Over the last couple of months I have been really busy giving my usual lectures to my lovely PR and Journalism students at Leeds Beckett University and one of the presentations I have crafted is on the Future of Social Media listening which covers the issues and different elements modern PR practitioners need to consider when listening and identifying important issues online.
I won’t bore you with the full details but I cover a wide variety of elements in the seminar including the beautiful graphical Enterprise solutions right down to the free monitoring tools and let’s face it no free monitoring tool list could be without our good old friend Google Alerts. However, whilst researching and talking about how they have improved since their inception, I have started to hear rumours that Google alerts have not been sending everything and maybe being throttled which has forced some PRs to start questioning their effectiveness.
Recent Decline in Accuracy
Two weeks later one of my friends, who also happens to be a client, contacted me asking whether Google alerts were still sufficient in monitoring a brand’s media coverage. The client confirmed she was receiving the same level, if not more press coverage from her press cuttings service, Precise, but the Google Alerts she had been receiving over the last couple of months seemed to have reduced by around 60%.
After scrawling through the web I eventually found the press cuttings which Google Alerts hadn’t picked up and this got me thinking, why have alerts started to lose their effectiveness? I always knew they were not 100% effective to monitor press coverage but they have usually given a good indication of what has been covered, and so I recommend them as a useful tool to monitor either industry issues or competitor’s campaigns when paid services are out of the question.
In 2003, when Google introduced its alert system, the PR world (well us more geeky PR types) celebrated with delight as we believed we would no longer have to continuously check search engines for news and wait for the nasty photocopies to come through the post three weeks after the campaign. Google Alerts were instead sent directly to your inbox, entirely free of charge, which back then was a big deal, and to many of the third sector clients I speak to these days still is. However, as time has gone by Google Alerts seem to be being disowned by the very people who had previously celebrated them. So what is the reason for this recent drop off in accuracy?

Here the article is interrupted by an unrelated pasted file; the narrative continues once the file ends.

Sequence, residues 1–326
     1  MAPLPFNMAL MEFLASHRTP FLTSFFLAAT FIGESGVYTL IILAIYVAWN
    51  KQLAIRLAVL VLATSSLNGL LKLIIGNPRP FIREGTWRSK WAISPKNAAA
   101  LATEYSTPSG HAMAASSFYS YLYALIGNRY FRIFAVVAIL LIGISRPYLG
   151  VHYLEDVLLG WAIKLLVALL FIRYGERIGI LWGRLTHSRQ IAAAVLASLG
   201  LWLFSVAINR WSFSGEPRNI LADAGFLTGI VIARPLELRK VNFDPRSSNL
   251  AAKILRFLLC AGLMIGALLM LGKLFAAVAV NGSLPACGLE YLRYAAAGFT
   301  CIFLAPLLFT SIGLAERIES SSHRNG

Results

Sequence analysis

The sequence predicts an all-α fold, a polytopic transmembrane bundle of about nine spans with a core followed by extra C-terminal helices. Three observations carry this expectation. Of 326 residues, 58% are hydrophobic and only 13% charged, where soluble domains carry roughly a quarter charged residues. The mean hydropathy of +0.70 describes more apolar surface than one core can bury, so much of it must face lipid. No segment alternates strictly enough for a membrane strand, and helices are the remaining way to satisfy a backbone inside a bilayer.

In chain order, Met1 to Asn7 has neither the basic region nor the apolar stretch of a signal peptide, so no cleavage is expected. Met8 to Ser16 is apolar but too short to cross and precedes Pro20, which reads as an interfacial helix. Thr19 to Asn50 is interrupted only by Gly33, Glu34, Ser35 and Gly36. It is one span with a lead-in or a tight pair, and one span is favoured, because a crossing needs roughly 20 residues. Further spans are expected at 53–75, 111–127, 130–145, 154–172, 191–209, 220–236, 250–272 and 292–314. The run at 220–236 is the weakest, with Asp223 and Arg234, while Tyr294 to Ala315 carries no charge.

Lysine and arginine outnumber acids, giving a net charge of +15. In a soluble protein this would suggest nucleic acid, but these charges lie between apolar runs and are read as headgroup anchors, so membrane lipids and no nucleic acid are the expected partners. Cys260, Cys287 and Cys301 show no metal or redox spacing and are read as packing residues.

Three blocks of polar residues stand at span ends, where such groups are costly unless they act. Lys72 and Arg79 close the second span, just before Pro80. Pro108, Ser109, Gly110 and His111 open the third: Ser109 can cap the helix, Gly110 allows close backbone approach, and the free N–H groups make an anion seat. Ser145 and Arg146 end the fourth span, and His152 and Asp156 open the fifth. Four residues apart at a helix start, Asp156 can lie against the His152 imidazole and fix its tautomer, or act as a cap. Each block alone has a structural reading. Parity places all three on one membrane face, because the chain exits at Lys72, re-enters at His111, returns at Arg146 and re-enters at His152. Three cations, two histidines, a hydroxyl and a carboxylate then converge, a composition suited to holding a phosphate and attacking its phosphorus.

If you take a Google search for yourself you will see pages of articles and forums on issues such as a decline in alerts, delayed alerts and missed updates. As recent as in January 2014 Google tried to rectify this issue with an update which included: social sharing options, featured images and larger headlines. However, these updates have done relatively little in the way of improving the service to its former glory. This has led to many PRs and businesses just using the alerts system as a back up, to an otherwise better, or paid system, which is what I recommend people do anyway.
Google Alert Alternatives
So what are the other methods of monitoring mentions without Google alerts? Talkwalker alerts is very much like the old form of Google alerts in design and layout which is a great alternative option. It is very simple to use and you’re able to monitor brand names, competitors, relevant topics and more. It also sends a direct email to either your email or RSS feed reader and is absolutely free to use. This is the next best thing to the former Google alerts system and is great for those who love simplicity and a bare-bones appeal to monitoring conversations.
However, in my presentations I still tell people you get what you pay for even in social media monitoring. Well it seems to be true with the advanced monitoring system of ‘Mention’ anyway. Mention is a media monitoring app that offers advanced tools to get the most out of alerts. The alerts are available over both the web and social networks and deliver alerts in real time via push notifications or daily/weekly emails. There are also a lot of additional features which include detailed reports, analytics and team alerts. At £6.99 per month Mention is a higher quality, advanced monitoring system which isn’t quite Enterprise monitoring level but it’s certainly a step in the right direction.
Are we really seeing the death of Google alerts?
My advice is not to abandon Google Alerts but use them alongside another platform to ensure you are getting something. What are your thoughts? Have you seen a big drop off recently despite your activity being strong? I still feel monitoring and listening in some way is better than nothing at all.